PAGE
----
My Verdict | ★★★☆☆

‘The further a society drifts from truth, the more it will hate those that speak it’.

George Orwell’s pronouncement above is very much on the minds of director Agnieszka Holland and screenwriter Andrea Chalupa in Mr. Jones. While the biopic takes us back to the mid-1930s, when Welsh journalist Gareth Jones (James Norton) risked his reputation and life to expose the man-made famines (the Holodomor) in Soviet-occupied Ukraine, Holland and Chalupa utilise this obscure(d) part of 20th Century history to raise an alarm about truth-telling in our present.

After his prescient reports on Hitler’s threat to Europe are scoffed at by the British political elite and he’s cut from the Foreign Office, Jones becomes determined to discover the source of Stalin’s economic ‘miracle’.  Spending a few days as a ‘freelance’ journalist in Moscow, he discovers a gilded cage of Party apparatchiks, unquestioned state orthodoxies and bugged offices.

Against the advice of obsequious New York Times Moscow Bureau Chief Walter Duranty (Peter Sarsgaard) and his frightened colleague Ada Brooks (Vanessa Kirby), Jones goes off the beaten track into the wintry wasteland of Ukraine to search for answers. Jones discovers there’s not only danger in finding the truth, but speaking out on it.

Holland and Chalupa clearly want this story to resonate in this current political moment of ‘fake news’, ‘alternative facts’ and demagogic attacks on the free press- a quiet, probing exchange between Norton and Kirby on Truth versus truths is particularly pointed. Yet, Mr. Jones struggles to get its actual story out. Despite the extremely harrowing depiction of the Stalinist atrocities, this is a rather bland and disjointed biopic.

With Jones written as a paragon of moral integrity from the start, the narrative proceeds rather predictably- gliding quickly along the surface-level of Jones’ most famous scoop. As Jones’ actual descendants have remarked, the attempt to cover the cruelty of the famine by having the man traipse and experience all its horrors (chewing bark, cannibalism in a frozen land of grey, emaciated ‘zombie’ kids) turns Jones himself into ‘a victim, rather than a witness’.

To compensate for a lack of depicting Jones’ actual journalistic skills, Holland frames this account with shots of Orwell (a shifty, pensive Joseph Malwe) typing up Animal Farm. It relies on the fairy-story’s most quoted lines (‘Looking from man to pig…etc’) to give these earlier historical events some resonance.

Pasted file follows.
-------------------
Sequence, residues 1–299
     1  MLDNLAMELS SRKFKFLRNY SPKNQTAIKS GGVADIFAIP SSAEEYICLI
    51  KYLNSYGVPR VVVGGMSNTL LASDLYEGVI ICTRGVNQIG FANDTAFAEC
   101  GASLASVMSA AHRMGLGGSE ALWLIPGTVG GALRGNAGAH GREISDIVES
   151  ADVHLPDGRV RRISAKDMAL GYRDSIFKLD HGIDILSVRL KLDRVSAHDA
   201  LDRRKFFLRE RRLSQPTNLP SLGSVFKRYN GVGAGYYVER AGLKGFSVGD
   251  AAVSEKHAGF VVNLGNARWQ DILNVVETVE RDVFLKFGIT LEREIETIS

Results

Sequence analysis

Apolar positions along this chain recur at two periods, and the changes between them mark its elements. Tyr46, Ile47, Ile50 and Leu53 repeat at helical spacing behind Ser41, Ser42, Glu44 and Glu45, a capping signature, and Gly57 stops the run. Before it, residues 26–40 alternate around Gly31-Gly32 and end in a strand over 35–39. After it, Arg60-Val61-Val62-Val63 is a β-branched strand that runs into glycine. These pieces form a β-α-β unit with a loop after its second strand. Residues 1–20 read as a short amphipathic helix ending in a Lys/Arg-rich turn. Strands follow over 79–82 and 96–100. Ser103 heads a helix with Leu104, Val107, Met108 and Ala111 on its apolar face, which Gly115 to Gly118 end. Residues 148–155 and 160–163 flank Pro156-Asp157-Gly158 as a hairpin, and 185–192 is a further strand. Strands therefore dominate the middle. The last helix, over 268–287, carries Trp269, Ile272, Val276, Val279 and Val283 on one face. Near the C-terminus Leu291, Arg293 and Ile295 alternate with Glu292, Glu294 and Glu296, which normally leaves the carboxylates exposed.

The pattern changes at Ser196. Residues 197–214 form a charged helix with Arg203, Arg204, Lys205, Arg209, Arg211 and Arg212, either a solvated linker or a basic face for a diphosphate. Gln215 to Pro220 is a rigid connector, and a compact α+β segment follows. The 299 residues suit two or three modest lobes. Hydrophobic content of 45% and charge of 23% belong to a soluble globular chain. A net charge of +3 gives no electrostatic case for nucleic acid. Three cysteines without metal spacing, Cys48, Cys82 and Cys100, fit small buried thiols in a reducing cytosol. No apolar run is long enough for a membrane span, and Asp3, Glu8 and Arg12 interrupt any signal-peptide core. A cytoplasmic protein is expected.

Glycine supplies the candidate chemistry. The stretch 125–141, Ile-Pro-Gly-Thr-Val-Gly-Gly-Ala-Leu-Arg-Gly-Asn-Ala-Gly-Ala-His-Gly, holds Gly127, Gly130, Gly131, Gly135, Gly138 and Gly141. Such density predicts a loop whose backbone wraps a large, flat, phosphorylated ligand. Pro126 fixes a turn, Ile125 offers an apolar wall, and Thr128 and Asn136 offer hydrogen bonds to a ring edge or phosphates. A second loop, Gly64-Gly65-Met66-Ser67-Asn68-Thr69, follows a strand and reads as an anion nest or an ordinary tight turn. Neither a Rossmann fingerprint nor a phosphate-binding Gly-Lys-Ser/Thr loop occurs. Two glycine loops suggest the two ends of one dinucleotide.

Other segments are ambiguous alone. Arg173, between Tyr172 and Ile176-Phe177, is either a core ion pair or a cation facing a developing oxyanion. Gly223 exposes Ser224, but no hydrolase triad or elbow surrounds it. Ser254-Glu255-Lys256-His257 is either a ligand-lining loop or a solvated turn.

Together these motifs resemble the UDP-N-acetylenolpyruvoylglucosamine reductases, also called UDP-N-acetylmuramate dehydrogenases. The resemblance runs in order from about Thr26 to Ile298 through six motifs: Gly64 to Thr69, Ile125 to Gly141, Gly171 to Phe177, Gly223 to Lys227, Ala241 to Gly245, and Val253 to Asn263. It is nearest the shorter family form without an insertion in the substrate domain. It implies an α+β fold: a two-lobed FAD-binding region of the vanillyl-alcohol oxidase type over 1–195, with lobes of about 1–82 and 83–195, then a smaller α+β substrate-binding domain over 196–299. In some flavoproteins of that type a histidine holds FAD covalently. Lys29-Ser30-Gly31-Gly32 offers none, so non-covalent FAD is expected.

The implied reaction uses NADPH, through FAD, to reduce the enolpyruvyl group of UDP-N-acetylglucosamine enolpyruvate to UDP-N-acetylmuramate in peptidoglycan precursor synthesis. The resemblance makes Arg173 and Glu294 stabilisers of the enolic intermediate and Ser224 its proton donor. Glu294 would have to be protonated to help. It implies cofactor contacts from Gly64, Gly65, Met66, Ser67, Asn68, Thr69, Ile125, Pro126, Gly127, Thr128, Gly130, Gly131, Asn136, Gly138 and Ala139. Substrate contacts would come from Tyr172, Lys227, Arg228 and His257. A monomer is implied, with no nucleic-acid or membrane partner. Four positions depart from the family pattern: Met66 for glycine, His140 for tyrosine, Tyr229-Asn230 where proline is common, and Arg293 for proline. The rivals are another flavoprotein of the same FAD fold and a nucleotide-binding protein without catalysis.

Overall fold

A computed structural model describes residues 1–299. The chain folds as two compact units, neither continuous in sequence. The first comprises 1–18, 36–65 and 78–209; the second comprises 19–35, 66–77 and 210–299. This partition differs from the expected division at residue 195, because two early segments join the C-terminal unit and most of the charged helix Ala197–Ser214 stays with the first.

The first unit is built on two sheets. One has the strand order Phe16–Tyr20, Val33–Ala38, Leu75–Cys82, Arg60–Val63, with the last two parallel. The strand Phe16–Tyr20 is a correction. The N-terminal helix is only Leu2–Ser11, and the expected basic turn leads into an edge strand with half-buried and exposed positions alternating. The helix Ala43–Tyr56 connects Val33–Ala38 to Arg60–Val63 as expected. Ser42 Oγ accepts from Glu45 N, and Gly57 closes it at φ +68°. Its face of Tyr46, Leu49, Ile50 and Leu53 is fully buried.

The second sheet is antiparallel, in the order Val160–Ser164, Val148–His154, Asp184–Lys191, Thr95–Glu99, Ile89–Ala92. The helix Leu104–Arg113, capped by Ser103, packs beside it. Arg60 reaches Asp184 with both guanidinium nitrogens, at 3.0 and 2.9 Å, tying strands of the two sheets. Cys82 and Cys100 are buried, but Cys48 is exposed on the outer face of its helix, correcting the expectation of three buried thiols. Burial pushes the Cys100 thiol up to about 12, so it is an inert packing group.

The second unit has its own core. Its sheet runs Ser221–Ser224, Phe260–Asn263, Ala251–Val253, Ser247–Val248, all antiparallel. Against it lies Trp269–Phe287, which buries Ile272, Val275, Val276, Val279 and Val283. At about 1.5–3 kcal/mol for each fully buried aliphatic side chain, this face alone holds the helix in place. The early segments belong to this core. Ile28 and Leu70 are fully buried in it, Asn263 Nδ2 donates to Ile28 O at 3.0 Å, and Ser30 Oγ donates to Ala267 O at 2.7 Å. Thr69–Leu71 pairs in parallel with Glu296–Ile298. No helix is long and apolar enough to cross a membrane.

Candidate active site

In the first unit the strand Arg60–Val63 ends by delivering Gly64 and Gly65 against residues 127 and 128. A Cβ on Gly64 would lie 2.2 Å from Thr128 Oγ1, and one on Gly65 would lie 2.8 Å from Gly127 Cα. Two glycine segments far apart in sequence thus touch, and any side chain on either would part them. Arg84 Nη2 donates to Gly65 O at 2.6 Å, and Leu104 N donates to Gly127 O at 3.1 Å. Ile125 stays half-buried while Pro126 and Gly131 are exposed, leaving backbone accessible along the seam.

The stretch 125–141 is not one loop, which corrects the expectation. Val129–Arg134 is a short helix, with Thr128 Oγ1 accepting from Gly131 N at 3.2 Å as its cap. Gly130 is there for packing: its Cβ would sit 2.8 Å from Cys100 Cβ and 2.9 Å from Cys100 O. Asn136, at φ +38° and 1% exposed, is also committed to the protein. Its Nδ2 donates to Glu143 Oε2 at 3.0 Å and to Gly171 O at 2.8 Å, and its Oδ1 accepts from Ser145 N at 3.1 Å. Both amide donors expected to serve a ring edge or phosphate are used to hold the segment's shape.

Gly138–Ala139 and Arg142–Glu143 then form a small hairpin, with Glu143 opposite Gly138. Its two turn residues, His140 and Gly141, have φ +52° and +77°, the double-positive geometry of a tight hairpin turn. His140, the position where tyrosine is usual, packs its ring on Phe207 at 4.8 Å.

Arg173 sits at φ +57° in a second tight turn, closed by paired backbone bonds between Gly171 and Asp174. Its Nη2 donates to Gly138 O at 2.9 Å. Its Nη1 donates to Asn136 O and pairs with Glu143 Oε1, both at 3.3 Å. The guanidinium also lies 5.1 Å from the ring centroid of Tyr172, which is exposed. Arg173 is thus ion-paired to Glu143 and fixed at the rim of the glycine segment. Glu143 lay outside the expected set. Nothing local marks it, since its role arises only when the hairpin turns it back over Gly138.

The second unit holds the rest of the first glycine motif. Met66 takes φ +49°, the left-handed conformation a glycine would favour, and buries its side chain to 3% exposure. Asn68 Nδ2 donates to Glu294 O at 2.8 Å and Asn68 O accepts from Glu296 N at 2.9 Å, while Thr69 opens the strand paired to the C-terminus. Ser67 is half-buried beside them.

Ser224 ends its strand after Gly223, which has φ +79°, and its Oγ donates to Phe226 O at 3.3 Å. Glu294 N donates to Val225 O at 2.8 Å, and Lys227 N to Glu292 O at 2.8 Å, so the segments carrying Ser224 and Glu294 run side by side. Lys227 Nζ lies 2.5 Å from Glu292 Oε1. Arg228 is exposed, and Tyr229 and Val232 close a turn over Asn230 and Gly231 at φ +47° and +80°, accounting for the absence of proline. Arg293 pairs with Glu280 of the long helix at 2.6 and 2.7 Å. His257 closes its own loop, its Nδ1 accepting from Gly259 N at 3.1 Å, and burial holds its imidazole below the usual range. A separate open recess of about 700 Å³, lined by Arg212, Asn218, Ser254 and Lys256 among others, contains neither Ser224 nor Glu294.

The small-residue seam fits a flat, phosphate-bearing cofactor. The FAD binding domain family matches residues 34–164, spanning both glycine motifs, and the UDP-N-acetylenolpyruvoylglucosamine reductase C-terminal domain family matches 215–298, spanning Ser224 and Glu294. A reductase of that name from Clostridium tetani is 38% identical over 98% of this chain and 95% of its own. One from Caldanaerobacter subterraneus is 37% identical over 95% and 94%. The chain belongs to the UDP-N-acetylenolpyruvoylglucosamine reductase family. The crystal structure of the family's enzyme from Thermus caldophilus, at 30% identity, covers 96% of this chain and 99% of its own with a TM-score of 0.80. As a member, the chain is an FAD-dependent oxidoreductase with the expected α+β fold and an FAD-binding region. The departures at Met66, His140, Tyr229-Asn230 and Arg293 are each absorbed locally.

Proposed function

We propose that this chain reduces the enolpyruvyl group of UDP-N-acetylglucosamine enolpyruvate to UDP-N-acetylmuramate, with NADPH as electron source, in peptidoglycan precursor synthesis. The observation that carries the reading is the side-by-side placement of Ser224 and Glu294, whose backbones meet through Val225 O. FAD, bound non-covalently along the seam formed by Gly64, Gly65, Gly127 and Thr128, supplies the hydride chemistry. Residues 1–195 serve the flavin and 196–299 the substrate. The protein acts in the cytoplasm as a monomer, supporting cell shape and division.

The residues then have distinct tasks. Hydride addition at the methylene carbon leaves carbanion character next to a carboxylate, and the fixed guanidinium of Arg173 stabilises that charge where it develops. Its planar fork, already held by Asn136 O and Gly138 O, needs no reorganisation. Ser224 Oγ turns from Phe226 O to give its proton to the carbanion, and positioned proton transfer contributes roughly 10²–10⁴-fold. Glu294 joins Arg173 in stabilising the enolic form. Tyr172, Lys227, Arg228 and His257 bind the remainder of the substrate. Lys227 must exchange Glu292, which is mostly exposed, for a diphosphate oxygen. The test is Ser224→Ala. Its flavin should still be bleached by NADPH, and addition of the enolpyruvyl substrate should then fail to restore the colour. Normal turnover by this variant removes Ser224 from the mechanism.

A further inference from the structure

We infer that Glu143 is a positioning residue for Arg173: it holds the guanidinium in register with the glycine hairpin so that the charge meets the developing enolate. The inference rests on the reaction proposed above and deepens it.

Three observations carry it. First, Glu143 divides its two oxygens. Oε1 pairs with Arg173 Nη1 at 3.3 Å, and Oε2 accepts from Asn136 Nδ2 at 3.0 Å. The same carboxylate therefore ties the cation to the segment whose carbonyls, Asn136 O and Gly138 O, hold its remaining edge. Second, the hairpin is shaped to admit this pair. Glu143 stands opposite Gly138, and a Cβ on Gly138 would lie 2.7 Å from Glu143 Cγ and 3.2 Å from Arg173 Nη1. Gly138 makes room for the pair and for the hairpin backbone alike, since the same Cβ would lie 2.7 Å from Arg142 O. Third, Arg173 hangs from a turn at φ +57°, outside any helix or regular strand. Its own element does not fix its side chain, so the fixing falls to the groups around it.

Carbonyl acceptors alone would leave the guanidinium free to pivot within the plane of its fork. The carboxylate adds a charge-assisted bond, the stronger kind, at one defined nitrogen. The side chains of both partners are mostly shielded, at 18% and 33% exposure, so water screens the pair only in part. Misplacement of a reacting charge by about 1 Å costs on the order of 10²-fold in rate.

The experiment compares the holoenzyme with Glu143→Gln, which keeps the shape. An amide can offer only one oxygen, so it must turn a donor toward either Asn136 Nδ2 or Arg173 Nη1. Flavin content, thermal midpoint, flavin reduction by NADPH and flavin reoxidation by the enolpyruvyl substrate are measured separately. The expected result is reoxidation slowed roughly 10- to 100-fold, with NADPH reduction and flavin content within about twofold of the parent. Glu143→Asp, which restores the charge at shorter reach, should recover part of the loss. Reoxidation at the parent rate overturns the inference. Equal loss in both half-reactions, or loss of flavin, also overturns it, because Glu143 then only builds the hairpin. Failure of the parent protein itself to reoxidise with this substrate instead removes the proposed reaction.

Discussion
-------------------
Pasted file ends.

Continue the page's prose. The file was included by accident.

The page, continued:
While adorned in lavish period production design, cinematographer Tomasz Naumiuk’s off-kilter, hand-held camerawork also doesn’t fully achieve the desired effect (suggesting a manipulated focus in an ambivalent or paranoid world, perhaps?) A later sequence is so erratic that not only does it completely rob the moment of its dramatic weight, but turns Jones into the world’s-fastest-cyclist.

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Regardless, Norton gives an impressive lead performance as Jones, enduring horrifying hardship in the Ukrainian desolation. He delivers on the modest cleverness of the be-speckled crusader. Sarsgaard suitably provides the opposite- giving his physically and morally crippled stenographer a slimy, unsubtle menace. It’s left to a brief performance from Kirby- all wide-eyed, stilted posture- to flit between them, leaving us to guess which side she’ll land. It’s only a weak script that lets these decent performances down (such as a truly giggle-worthy moment of an emotionally-wrecked, marginalised Jones being mocked by a group of horrible English children)

In our turbulent times, Holland and Chalupa’s warning resonates for the shaken political centre-ground. They make it clear that silence, evasion or tolerance of those who seek to relativize or outright manipulate truth need to be resisted (though one should note that the director and screenwriter have played fast and loose with the truth of Jones’ story and Orwell’s political outlook on Stalinism). Despite the topicality and raising recognition of a significant, brave journalist, it’s a pity that this biopic left me cold.